Geoffrey Fox's Reviews > The Heart Is a Lonely Hunter

The Heart Is a Lonely Hunter by Carson McCullers
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A placid southern town is revealed to be torn by intense passions as McCullers takes us into the consciousness of several of its poor and lower middle-class citizens. The girl Mick Kelly comes of age (at 15), a radical drifter is defeated once again in his efforts to make the "Don't knows" understand how they're oppressed, the owner of the all-night New York Café watches it all, and the town's sole black physician finally bursts the dam of a lifetime of rage against white injustice. All these people confide in the sympathetic deaf-mute, believing he alone can understand them ­ but he doesn't, and he in turn attributes such deep understanding of his own emotions to a fat, self-centered deaf-mute moron. It is the black physician Dr. Benedict Mady Copeland who is the novel's most thoroughly imagined character besides Mick, who must be a version of McCullers herself, who was only 24 when this first novel appeared. 02-10-02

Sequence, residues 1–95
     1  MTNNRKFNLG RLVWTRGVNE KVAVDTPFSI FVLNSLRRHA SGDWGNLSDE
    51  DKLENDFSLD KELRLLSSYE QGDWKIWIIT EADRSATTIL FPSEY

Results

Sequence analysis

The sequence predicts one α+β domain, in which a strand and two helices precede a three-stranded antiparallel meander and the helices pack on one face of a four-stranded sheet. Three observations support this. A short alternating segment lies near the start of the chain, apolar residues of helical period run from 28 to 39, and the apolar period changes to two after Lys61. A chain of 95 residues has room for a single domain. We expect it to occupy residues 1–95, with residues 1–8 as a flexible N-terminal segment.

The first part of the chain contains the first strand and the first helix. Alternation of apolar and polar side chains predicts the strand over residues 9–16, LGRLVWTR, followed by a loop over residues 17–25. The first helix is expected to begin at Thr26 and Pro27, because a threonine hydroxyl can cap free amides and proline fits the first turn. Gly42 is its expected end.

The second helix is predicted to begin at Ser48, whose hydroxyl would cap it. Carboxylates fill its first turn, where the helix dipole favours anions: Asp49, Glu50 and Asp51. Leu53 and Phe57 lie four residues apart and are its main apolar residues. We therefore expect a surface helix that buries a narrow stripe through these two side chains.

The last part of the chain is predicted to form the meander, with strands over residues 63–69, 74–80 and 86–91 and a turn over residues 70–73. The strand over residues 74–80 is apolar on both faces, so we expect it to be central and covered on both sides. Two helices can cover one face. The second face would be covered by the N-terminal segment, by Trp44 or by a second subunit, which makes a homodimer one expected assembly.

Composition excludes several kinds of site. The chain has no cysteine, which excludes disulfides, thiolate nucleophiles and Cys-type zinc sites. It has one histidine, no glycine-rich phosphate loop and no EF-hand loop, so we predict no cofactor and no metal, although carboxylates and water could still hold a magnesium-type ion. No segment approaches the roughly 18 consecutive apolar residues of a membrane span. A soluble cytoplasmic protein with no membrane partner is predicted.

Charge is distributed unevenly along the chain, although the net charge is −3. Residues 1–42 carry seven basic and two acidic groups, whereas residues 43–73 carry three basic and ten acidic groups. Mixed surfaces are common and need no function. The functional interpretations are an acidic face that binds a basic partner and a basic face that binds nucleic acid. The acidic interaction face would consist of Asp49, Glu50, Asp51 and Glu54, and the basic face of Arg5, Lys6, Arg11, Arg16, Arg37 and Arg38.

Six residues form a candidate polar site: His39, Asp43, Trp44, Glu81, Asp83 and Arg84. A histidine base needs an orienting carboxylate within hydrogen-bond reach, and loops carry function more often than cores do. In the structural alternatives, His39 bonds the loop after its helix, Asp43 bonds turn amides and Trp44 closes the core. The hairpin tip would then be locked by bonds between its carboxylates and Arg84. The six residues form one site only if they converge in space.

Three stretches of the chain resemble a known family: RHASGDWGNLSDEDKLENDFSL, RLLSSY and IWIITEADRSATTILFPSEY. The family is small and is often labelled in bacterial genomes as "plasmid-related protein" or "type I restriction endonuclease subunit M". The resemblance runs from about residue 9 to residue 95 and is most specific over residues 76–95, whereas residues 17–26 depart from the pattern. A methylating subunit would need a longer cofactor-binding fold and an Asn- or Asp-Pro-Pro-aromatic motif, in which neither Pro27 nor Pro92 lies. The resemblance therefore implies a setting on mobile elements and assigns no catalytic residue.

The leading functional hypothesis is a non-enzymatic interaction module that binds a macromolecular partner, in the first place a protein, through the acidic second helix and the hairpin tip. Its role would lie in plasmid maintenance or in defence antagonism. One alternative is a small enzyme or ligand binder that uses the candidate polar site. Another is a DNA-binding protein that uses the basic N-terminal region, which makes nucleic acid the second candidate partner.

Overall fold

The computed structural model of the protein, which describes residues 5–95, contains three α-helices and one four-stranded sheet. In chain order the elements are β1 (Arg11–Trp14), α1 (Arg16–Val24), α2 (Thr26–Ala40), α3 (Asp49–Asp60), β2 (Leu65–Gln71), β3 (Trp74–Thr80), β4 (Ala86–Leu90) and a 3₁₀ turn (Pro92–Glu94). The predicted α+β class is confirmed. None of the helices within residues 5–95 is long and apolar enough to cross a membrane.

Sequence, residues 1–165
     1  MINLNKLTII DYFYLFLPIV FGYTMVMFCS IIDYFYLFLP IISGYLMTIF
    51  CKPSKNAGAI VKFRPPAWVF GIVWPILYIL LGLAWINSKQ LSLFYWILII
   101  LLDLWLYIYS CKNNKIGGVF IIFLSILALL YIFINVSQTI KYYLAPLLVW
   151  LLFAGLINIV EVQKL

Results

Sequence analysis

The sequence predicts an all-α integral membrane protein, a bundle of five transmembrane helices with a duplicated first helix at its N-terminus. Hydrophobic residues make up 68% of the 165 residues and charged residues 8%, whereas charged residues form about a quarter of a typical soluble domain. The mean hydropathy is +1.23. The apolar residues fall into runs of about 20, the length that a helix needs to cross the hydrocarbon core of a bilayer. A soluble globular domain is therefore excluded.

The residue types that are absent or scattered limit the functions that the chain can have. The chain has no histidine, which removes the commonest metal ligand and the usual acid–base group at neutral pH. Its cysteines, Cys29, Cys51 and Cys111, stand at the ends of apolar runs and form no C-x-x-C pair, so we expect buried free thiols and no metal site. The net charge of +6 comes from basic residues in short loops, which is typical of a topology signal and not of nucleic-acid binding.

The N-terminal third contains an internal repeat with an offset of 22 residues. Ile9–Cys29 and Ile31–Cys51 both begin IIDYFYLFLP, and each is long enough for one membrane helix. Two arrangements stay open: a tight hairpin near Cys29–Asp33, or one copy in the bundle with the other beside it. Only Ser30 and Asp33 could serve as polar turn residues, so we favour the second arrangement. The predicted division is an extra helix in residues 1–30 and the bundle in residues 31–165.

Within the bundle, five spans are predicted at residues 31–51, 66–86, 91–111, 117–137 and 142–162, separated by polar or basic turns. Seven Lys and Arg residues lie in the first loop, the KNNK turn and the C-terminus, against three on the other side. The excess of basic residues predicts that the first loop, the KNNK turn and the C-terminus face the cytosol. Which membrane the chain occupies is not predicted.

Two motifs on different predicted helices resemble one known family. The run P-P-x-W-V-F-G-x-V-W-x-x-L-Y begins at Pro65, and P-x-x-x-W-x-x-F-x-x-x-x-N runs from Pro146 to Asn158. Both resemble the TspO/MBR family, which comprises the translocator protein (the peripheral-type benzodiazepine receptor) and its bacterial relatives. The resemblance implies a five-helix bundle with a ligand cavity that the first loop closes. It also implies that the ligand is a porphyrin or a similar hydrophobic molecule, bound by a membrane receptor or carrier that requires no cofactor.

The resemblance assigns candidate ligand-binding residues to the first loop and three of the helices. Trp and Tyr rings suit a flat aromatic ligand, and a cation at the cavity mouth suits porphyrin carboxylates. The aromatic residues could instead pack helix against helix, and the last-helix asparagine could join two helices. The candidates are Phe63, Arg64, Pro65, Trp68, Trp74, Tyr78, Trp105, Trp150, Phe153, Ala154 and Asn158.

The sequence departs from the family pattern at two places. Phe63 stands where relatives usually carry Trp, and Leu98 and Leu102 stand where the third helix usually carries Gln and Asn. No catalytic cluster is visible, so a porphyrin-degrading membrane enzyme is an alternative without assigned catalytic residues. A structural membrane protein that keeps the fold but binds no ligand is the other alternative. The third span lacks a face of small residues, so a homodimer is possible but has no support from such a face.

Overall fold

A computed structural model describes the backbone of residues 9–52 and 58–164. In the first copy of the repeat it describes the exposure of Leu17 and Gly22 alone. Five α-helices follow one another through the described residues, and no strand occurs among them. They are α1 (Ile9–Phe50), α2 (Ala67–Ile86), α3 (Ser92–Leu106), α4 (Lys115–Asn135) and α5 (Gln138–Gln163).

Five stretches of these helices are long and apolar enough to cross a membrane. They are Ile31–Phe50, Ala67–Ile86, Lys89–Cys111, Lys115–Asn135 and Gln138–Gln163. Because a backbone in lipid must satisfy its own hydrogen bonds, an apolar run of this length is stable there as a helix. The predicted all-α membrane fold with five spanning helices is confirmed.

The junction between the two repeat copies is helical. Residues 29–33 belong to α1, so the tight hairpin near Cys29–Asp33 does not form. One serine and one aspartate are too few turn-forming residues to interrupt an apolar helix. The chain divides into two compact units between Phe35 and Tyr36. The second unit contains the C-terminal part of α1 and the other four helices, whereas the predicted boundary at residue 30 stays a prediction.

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Reading Progress

Started Reading
October 2, 2002 – Finished Reading
September 13, 2012 – Shelved

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